Friends and colleagues passed through the bookshop often to sit in with Chuck’s band, local & regional legends like Ernie Figueroa, Waldo Carter, Kent Glenn, Yancey Taylor, Eddie Duran, Bill Maginnis, Rick Elmore, so many others… Though there were occasional substitutions, the quartet of Chuck, Scott, Don and Jimmy lasted for years until we had to break the band into its component parts and give the various musicians their own nights. Don took one Friday for Seabop; Jimmy fielded his Bird & Beckett Bebop Band on another, most often with Don Alberts on piano and Bishu or Charles Thomas on bass. Chuck, Scott & Don worked with Ron Marabuto on drums, until we finally realized the error of our ways and gave Scott his own monthly slot. And Chuck assembled the 230 Jones Street, Local 6 Literary Jazz Band, a quintet with Glen Deardorff on guitar, Dean Reilly on bass, Tony Johnson on drums and another horn player sharing the front line. For the longest time, it was tenor player Bill Perkins, a wonderfully lyrical player who wrote the band’s charts. When Bill was eventually sidelined by Parkinsons, Howie Dudune occupied that chair. When Howie passed, Ray Loeckle took on the role, and when Chuck retired several years ago, Jerry Logas joined Ray up front. Chuck always had the wisdom to share his band with the most wonderful saxophone players.
All the way through, Chuck was steady. Gruff but also good humored with his colleagues and the audience.
A few years ago, he felt he had to pack it in, and he moved up north to Santa Rosa. I visited him a time or two, and always had intentions to stay in better touch, but you know what happens to the best laid plans…
These past few years, he’d been living in a comfortable house up there that his kids had found for him to rent, close by one of his daughters and next door to some jazz loving neighbors who took him to shows on occasion, playing piano and flute pretty much daily, near as I know. Chuck passed away in the wee hours of Friday morning, February 18th. His son David let me know the sad news, saying Chuck had died at “1:30 a.m… his customary bedtime til the end” after several weeks trying to recover from a fall he suffered in early January. His daughters Kristin and Carrie, David and an array of grandkids and greatgrandkids did much to keep his spirits up and his health pretty good until that fall. It’s a great loss.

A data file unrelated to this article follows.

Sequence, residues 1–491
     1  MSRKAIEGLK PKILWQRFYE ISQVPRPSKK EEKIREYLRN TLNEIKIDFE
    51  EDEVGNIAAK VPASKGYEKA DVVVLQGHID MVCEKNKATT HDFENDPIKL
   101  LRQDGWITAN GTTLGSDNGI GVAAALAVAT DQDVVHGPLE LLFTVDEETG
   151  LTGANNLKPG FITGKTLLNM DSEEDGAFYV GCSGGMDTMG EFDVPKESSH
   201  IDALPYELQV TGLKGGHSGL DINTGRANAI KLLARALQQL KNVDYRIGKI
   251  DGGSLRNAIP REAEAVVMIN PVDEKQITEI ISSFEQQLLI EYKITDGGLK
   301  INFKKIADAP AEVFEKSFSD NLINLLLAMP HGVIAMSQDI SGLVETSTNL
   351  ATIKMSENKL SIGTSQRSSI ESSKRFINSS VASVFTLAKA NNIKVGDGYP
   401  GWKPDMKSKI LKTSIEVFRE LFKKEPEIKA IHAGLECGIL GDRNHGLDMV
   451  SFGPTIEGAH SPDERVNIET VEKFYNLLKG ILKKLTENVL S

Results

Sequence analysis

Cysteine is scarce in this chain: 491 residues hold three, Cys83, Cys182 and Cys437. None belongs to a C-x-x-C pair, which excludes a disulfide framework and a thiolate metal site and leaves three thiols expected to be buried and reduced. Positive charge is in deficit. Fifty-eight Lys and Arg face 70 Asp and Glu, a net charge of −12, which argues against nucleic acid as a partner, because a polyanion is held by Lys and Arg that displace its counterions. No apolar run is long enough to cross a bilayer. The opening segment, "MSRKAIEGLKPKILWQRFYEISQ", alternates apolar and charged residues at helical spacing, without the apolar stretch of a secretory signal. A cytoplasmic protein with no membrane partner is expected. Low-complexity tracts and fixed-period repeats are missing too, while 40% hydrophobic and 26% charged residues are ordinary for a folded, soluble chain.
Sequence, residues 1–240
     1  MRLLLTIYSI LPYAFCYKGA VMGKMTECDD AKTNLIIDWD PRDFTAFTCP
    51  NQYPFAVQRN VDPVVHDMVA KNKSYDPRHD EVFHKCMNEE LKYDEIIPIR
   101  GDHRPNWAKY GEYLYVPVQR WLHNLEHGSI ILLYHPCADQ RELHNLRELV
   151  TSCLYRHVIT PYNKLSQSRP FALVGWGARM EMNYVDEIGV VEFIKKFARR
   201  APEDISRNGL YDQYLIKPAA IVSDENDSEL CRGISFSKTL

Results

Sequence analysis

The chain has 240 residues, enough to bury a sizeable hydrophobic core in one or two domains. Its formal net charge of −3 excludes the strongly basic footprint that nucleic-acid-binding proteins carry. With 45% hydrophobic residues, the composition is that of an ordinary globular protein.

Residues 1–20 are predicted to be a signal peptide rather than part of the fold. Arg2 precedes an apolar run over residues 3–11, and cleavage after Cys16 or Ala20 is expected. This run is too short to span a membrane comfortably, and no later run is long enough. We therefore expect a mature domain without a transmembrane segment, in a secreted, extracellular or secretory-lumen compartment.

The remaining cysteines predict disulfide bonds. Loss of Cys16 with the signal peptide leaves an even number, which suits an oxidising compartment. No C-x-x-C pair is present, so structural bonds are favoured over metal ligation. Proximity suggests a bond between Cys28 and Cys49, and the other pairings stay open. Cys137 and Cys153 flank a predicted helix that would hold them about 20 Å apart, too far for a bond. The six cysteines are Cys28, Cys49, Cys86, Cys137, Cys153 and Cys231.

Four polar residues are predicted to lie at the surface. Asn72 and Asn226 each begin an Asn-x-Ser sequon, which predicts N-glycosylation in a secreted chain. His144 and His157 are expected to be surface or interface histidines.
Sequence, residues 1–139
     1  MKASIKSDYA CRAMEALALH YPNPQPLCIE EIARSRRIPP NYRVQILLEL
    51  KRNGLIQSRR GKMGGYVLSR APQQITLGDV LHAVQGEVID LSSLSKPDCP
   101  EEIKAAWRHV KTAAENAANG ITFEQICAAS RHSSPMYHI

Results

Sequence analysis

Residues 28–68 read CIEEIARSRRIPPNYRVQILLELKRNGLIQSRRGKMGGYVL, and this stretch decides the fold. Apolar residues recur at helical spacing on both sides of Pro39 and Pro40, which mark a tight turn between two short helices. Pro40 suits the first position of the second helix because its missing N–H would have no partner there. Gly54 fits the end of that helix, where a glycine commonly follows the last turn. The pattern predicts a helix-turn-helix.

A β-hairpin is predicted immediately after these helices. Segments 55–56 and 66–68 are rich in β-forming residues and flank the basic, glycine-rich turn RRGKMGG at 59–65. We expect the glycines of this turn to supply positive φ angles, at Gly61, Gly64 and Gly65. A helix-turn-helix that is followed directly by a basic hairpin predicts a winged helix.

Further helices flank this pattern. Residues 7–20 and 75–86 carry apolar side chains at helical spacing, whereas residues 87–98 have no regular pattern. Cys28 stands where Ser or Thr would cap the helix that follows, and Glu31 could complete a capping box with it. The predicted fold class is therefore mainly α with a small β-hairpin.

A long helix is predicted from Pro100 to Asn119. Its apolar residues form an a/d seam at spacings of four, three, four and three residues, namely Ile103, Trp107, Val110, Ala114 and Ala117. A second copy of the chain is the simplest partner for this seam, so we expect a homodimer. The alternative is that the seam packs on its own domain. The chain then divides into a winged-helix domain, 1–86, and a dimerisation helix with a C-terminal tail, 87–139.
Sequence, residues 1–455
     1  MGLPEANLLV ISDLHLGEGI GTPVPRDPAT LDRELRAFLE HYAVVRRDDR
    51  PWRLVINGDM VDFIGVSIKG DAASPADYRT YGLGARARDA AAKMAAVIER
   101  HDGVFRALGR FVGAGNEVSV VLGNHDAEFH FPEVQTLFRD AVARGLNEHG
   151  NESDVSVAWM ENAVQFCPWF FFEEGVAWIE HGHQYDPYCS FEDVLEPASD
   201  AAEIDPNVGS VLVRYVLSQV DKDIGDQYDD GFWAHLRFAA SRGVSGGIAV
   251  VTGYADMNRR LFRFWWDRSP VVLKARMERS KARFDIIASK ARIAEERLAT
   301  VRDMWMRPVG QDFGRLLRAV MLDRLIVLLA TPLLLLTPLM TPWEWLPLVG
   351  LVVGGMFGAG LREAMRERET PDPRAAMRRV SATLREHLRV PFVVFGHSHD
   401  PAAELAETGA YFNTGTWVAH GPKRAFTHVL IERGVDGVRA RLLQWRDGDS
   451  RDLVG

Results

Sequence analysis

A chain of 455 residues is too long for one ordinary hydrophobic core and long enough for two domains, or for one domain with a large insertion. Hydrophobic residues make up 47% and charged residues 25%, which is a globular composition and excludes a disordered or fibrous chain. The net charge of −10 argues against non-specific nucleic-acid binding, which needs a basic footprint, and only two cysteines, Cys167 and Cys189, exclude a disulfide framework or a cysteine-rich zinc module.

Scott Foster played the bookstore that night as scheduled and dedicated the night to Chuck. Chuck’s stepson James was on hand. Scott and I had a few things to say and the music was fabulous. You can find that show online if you look.
This Friday, James and his mom, Mary Cabot, will come down and you’ll hear another swinging couple of sets from the 230 Jones Street Band, Chuck’s legacy band if you will, with Tony Johnson on drums at the helm, Glen Deardorff on guitar, Al Obidinski on bass and Charlie McCarthy, yet another of the Bay Area’sÂ treasured, wonderful and seasoned saxophonists and flautists, at the front. You can come down, or you can find that one live online as well. Donations to the Bird & Beckett Cultural Legacy Project would not be amiss. Chuck started a run of Friday jazz performances in October 2002 that continues to this day, coming up on twenty years. We’ve only skipped two Fridays in all that time.
These days, Scott holds down the third Friday of each month and the Tony Johnson holds down the fourth. Chuck’s legacy lives on, and is the enduring foundation of Bird & Beckett’s jazz tradition, still going strong.
We miss Chuck and wish him only the best in the afterlife.
Our events are put on under the umbrella of the nonprofit Bird & Beckett Cultural Legacy Project (the "BBCLP"). That's how we fund our ambitious schedule of 300 or so concerts and literary events every year.
The BBCLP is a 501(c)(3) non-profit...
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Gigging musicians! You have nothing to lose but your lack of a collective voice to achieve fair wages for your work!
The IMA can be a conduit for you, if you join in to make it work.
Read more here - Andy Gilbert's Feb 25 article about the IMA from KQED's site